Researchers from AMO GmbH, Oxford Instruments, Cambridge University, RWTH Aachen University and the University of Wuppertal have demonstrated a new method to use PEALD on graphene without introducing defects into the graphene itself.Continue reading “A clever way of protecting graphene”
A collaboration between the groups of Benoit Hackens at UC Louvain and of Christoph Stampfer at RWTH Aachen University solves the puzzle of the fragility of the quantum Hall effect in graphene.
The quantum Hall effect is both a textbook example of topological protection and a central tool of metrology labs. In graphene, the quantum Hall effect can be observed at much higher temperatures than in high mobility semiconductors, but the topological protection turned out to be regrettably less robust.
Using scanning gate microscopy on samples fabricated in the lab of Christoph Stampfer, the team of Benoit Hackens has now been able to pinpoint the cause of the vulnerability of the graphene quantum Hall channels. The results clearly indicate the detrimental role of antidots along the graphene edges and provide insights on how to counteract their influence.
A nice popular account of the work published by UCLouvain can be read here.
Upstream modes and antidots poison graphene quantum Hall effect
N. Moreau, B. Brun, S. Somanchi, , K. Watanabe, T. Taniguchi, C. Stampfer & B. Hackens
Nature Communications 12, 4265 (2021).
Substantial advances in the technology for confining and manipulating electrons in bilayer graphene quantum dots bring the demonstration of graphene-based qubits within reach.Continue reading “Steady progress towards graphene-based qubits”
Two-dimensional (2D) materials have a huge potential for providing devices with much smaller size and extended functionalities with respect to what can be achieved with today’s silicon technologies. But to exploit this potential we must be able to integrate 2D materials into semiconductor manufacturing lines – a notoriously difficult step. A team of researchers from Sweden and Germany now reports a new method to make this work.Continue reading “A scalable method for the large-area integration of 2D materials”
In an invited article in the journal Nature Physics, an international team of researchers lead by RWTH Professor Dante Kennes offer a fresh perspective on the potential of realizing novel and elusive states of matter using twisted van der Waals materials.Continue reading “Twisted van der Waals materials as a material-based quantum simulator”
Novel, fascinating aspects of quantum effects in two-dimensional materials are reported in two new publications by Prof. Dante Kennes and coworkers in Germany and the United States.Continue reading “Quantum matter in two-dimensions”
CVD-grown graphene passed the ultimate test to be considered absolutely on-pair with exfoliated graphene, allowing the observation of clear signatures of the fractional quantum Hall effect.Continue reading “Fractional quantum Hall effect in CVD-grown graphene”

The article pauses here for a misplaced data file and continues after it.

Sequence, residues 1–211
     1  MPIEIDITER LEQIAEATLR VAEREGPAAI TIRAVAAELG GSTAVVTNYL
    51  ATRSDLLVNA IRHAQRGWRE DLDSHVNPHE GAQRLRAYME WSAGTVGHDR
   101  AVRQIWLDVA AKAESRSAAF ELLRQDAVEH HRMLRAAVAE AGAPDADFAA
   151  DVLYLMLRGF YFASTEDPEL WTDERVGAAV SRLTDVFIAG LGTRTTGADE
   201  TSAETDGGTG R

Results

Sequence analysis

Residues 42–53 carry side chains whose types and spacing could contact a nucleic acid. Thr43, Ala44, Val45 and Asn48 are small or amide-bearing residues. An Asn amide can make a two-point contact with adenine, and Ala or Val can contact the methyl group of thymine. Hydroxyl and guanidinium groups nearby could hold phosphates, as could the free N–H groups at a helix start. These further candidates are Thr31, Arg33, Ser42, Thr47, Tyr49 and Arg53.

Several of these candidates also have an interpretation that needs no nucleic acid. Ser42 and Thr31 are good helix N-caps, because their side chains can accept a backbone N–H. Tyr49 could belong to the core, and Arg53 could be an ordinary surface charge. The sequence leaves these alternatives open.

Researchers from TU Wien, AMO GmbH, University of Pisa and Wuppertal University have realized the first operational amplifier based on the two-dimensional semiconductor MoS2, reaching a key milestone towards the vision of a flexible electronics all based on two dimensional materials. This result has just appeared in the journal Nature Electronics.Continue reading “The first operational amplifier based on a two-dimensional material”
Max Lemme and co-workers have recently published a review article on nanoelectromechanical (NEMS) sensors based on suspended two-dimensional (2D) materials in the journal RESEARCH, an open-access multidisciplinary journal launched in 2018 as the first journal in the Science Partner Journal (SPJ) program. The paper is an invited contribution to a special issue on “Progress and challenges in emerging 2D nanomaterials – preparation, processing, and device integration”, and has the purpose of contributing to the development of the field of 2D materials for sensor applications and to their integration with conventional semiconductor technology.Continue reading “Nanoelectromechanical sensors based on 2D materials – a review”
A review article on one of the most delicate issues of future electronics based on 2D materials
A team of scientists led by Tibor Grasser and Yuri Illarionov of TU Wien, including RWTH Professor and AMO Director Max Lemme, has published an extensive review of the current search for suitable insulators for two-dimensional (2D) nanoelectronics in Nature Communications.Continue reading “Insulators for 2D nanoelectronics: the gap to bridge”